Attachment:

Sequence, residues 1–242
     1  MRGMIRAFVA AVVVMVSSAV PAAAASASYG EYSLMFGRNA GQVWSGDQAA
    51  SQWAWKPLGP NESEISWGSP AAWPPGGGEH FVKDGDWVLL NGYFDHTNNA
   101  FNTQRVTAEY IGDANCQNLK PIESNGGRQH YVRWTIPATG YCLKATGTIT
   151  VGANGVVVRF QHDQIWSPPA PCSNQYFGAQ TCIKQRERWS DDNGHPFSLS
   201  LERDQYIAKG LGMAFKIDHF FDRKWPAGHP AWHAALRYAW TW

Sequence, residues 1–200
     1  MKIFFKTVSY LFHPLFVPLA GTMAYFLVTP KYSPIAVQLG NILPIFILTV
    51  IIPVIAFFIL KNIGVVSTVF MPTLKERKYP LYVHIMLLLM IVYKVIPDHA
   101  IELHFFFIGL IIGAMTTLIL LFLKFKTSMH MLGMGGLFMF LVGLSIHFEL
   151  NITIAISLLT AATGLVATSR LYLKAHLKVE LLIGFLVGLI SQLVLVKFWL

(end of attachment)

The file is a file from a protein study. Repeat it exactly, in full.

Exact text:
Sequence, residues 1–242
     1  MRGMIRAFVA AVVVMVSSAV PAAAASASYG EYSLMFGRNA GQVWSGDQAA
    51  SQWAWKPLGP NESEISWGSP AAWPPGGGEH FVKDGDWVLL NGYFDHTNNA
   101  FNTQRVTAEY IGDANCQNLK PIESNGGRQH YVRWTIPATG YCLKATGTIT
   151  VGANGVVVRF QHDQIWSPPA PCSNQYFGAQ TCIKQRERWS DDNGHPFSLS
   201  LERDQYIAKG LGMAFKIDHF FDRKWPAGHP AWHAALRYAW TW

Sequence, residues 1–200
     1  MKIFFKTVSY LFHPLFVPLA GTMAYFLVTP KYSPIAVQLG NILPIFILTV
    51  IIPVIAFFIL KNIGVVSTVF MPTLKERKYP LYVHIMLLLM IVYKVIPDHA
   101  IELHFFFIGL IIGAMTTLIL LFLKFKTSMH MLGMGGLFMF LVGLSIHFEL
   151  NITIAISLLT AATGLVATSR LYLKAHLKVE LLIGFLVGLI SQLVLVKFWL